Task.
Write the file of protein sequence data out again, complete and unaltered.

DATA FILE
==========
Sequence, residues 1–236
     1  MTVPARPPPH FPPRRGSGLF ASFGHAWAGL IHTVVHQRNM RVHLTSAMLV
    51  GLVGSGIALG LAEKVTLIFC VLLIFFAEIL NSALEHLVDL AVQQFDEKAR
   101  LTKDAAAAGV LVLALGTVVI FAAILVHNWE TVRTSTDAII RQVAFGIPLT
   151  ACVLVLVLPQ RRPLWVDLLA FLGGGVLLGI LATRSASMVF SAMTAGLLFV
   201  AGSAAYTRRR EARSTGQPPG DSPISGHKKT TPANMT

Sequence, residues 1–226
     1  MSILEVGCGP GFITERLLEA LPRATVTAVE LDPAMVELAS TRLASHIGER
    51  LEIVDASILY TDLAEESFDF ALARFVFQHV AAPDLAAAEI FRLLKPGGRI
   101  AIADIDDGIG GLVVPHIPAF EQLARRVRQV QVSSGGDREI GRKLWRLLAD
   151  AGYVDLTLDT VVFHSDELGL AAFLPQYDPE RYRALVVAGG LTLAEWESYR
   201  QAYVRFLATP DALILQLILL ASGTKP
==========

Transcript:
Sequence, residues 1–236
     1  MTVPARPPPH FPPRRGSGLF ASFGHAWAGL IHTVVHQRNM RVHLTSAMLV
    51  GLVGSGIALG LAEKVTLIFC VLLIFFAEIL NSALEHLVDL AVQQFDEKAR
   101  LTKDAAAAGV LVLALGTVVI FAAILVHNWE TVRTSTDAII RQVAFGIPLT
   151  ACVLVLVLPQ RRPLWVDLLA FLGGGVLLGI LATRSASMVF SAMTAGLLFV
   201  AGSAAYTRRR EARSTGQPPG DSPISGHKKT TPANMT

Sequence, residues 1–226
     1  MSILEVGCGP GFITERLLEA LPRATVTAVE LDPAMVELAS TRLASHIGER
    51  LEIVDASILY TDLAEESFDF ALARFVFQHV AAPDLAAAEI FRLLKPGGRI
   101  AIADIDDGIG GLVVPHIPAF EQLARRVRQV QVSSGGDREI GRKLWRLLAD
   151  AGYVDLTLDT VVFHSDELGL AAFLPQYDPE RYRALVVAGG LTLAEWESYR
   201  QAYVRFLATP DALILQLILL ASGTKP